After Alcatraz and Pier 39, I suggested we go to Coit Tower, which we could see from Fisherman’s Wharf. We meandered through the streets of Telegraph Hill up some 400 incredibly steep steps that run alongside densely packed houses and apartments, most with quite beautiful but small gardens, to reach the tower. It’s a rather bizarre 64 metre high concrete deco tower that offers fabulous views over the city and was built in 1933 to honour volunteer fire fighters. The ground floor is covered with distinctly socialist murals that feature working men and women from all walks of life painted by the Public Works of Art Project and probably highly influenced by Diego Rivera. Right in the centre of the tower is a cramped circular shop and ticket office that is almost impossible to navigate because it is so completely and utterly packed from floor to ceiling with souvenirs. Your ticket allows you to take a lift to the top of the tower to admire the fabulous views, but the whole experience is a bit cramped and a little bit grungy. From Coit Tower we walked past Little Italy down Grant Street, which features a wonderful stretch of unusual designer and second hand shops and a great little Antique Print Shop where Gerard bought a print of a Green’s Parrot. Further along, just before hitting China town, is the famous literary landmark, the City Lights bookstore – I can honestly say that every book I look at on the shelves was a book I wanted to read. Upstairs they have a great collection of work by Beat writers but I didn’t buy anything because I’m trying so desperately to keep down the weight of my luggage. We then ambled down to Union Square through colourful cramped China town.
On our final day we visited the fabulous San Francisco Museum of Modern Art, home to the Logan collection, which represents just about every great artist of the twentieth century including Duchamp, Brancusi, Rothko, Rauschenberg, Warhol, Pollock, Richter, Kiefer, Emin, Hirst, Gober, etc etc etc! One of my favourite rooms was devoted to paintings by the abstract expressionist Clyfford Still. I was stunned by how utterly contemporary his work is – large expanses of thick flat paint interrupted by jagged, electric moments of completely unexpected colour. And I was mesmerised by a miniature pair of children’s shoes – found objects by Sherry Levine. There was also a great exhibition of photography, much of it from a previously unprinted archive of film, by Garry Winogrand (1928-1984) who took superb images of everyday life during post war America. And, I should also mention the starkly minimal café and sculpture garden on the top floor of the museum, where we had coffee watched over by a giant bronze Louise Bourgeois spider.
A few blocks from the Museum, at the end of Market Street, is the beautiful Ferry Terminal Building where you can buy all kinds of wonderful and exotic food – cheeses, mushrooms, oysters, fish, breads, fruits. This is also where you catch the ferry to Sausalito, a suburb nestled down a hillside on the other side of the Golden Gate Bridge. When we arrived we were greeted by an aging hippy in a wheelchair (possibly a Vietnam veteran?) with a tiny pet dog under his jacket that was wearing blue sunglasses. I gave a donation and was allowed to pat the dog’s head which prompted her to howl a funny little doggy song, but all of a sudden she started snapping and snarling, no doubt sick of having to perform for the ferry passengers. We strolled along the waterfront, a relaxing place to have a coffee or an ice-cream and browse the shops, dominated by small boutiques that sell high quality but very kitsch art objects and clothing – paintings of angelic doe-eyed women hovering in fantasy landscapes, colourful blown glass earrings and necklaces, frilly floral pastel dresses. We shared a pecan and butter ice-cream and then caught the bus back to the other side of the Golden Gate to walk some of the way across the bridge. Gerard was super keen and went a few hundred metres but I didn’t venture far because I couldn’t cope with what was now peak hour traffic roaring by. We took lots of photos and then attempted to reach the magnificent Palace of Fine Arts – a huge, dream-like classical folly that was built for the 1915 Panama-Pacific Exposition. Our map suggested it was just around the corner, but in reality it was kilometres away. We walked and walked and eventually asked directions from a local, who lives in one of the Presidio’s Pilot’s Row Houses, cute white two story cottages, all in a row and all exactly the same, looking suspiciously like they were designed by Walt Disney. We were directed to a free shuttle bus that dropped us off directly next to the Palace. The Palace itself is massive, set in lush grounds with an artificial lake and little pathways that take you amongst towering Corinthian columns, arches and domes. There are elaborate decorations – cherubs and Grecian maidens that gaze into huge urns like ancient soothsayers. The Palace was originally built to display art works, but now hosts theatrical events and is understandably a favourite venue for wedding photography.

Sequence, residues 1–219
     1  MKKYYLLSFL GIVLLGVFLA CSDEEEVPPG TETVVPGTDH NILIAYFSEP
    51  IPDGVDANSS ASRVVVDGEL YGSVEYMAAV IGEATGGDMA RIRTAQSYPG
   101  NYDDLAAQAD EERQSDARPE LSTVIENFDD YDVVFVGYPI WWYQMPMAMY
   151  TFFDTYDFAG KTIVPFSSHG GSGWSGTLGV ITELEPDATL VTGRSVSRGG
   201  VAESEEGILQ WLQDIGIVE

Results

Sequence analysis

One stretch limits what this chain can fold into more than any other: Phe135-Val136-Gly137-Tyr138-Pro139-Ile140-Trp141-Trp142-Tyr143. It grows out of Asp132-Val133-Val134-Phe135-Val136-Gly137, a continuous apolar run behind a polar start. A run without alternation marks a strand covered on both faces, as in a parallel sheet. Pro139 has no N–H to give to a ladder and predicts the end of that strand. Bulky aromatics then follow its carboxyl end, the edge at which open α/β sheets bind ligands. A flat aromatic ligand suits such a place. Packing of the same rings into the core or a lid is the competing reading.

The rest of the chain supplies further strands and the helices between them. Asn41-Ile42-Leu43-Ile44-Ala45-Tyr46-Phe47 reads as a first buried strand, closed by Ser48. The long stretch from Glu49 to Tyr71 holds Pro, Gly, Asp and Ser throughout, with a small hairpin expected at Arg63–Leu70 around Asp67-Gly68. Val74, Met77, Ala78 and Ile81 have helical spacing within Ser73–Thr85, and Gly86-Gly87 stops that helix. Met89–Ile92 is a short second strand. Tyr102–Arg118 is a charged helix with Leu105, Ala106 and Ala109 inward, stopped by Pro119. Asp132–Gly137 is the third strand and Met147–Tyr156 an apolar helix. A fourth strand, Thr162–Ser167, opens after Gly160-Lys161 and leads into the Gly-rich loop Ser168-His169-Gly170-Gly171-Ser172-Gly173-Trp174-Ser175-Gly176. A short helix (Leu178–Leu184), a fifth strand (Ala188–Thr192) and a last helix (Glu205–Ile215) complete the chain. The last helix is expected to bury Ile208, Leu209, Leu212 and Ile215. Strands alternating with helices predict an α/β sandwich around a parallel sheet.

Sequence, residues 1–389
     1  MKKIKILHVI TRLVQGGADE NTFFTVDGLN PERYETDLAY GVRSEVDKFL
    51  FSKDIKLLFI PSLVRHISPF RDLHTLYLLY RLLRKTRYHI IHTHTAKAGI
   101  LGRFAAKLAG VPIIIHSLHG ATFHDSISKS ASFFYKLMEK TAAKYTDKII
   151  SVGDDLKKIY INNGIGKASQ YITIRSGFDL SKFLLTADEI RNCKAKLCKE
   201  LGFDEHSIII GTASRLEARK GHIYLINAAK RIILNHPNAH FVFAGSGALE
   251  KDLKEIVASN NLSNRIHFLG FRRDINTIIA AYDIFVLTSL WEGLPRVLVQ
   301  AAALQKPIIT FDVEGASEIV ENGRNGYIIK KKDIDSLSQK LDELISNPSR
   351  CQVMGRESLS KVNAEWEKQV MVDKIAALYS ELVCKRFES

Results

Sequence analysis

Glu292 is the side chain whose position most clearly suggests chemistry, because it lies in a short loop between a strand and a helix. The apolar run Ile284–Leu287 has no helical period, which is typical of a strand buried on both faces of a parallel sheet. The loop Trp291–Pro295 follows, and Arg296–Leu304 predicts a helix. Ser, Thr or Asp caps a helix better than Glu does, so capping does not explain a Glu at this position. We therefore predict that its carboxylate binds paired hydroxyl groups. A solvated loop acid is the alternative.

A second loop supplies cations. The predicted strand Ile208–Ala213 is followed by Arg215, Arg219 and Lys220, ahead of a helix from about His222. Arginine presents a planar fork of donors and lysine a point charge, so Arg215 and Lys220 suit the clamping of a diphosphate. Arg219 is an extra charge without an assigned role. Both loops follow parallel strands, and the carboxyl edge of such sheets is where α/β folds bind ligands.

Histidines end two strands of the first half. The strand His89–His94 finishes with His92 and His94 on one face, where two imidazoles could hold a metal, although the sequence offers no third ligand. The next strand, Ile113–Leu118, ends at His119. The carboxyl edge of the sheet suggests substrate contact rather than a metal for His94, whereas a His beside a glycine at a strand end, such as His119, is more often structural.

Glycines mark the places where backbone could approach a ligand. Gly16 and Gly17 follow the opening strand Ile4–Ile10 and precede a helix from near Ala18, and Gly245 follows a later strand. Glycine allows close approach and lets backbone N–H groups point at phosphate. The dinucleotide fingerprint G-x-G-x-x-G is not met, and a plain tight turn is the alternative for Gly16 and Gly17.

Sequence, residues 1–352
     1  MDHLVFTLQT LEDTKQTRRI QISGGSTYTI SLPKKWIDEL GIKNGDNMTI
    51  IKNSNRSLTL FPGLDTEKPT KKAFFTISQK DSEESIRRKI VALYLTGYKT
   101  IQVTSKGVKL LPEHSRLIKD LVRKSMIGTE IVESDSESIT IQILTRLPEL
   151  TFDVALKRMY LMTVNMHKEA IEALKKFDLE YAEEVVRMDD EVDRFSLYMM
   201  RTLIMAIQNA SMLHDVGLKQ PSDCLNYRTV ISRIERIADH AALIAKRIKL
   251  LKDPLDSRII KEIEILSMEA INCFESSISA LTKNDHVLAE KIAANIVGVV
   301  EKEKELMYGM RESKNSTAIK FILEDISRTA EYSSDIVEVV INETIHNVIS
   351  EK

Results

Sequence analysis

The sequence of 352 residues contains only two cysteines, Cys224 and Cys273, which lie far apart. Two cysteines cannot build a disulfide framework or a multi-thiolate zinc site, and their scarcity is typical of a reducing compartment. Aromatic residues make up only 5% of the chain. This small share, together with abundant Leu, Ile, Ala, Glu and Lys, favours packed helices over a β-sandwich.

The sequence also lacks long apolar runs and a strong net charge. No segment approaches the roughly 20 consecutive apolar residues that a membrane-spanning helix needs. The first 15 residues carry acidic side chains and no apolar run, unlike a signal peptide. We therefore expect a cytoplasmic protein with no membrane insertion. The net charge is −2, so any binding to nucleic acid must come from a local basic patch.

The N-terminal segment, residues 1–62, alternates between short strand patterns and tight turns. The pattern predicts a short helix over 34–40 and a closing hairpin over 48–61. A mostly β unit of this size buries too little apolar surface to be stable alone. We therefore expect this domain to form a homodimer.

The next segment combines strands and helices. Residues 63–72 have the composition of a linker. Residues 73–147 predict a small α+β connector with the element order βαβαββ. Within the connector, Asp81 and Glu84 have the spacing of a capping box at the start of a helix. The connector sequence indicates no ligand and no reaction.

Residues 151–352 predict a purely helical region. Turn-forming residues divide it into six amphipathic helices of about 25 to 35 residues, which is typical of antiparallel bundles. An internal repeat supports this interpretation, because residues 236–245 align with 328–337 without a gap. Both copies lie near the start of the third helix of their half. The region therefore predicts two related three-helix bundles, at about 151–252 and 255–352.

We had an endless wait for the MUNI back to Union Square and then met our Sydney friends, Christine and Csaba, in the Irish pub two doors down from the hotel. The next morning we were up at 5:30am to catch the bus to Emmeryville where we boarded the California Zephyr, the train that takes us to our next stop – Salt Lake City.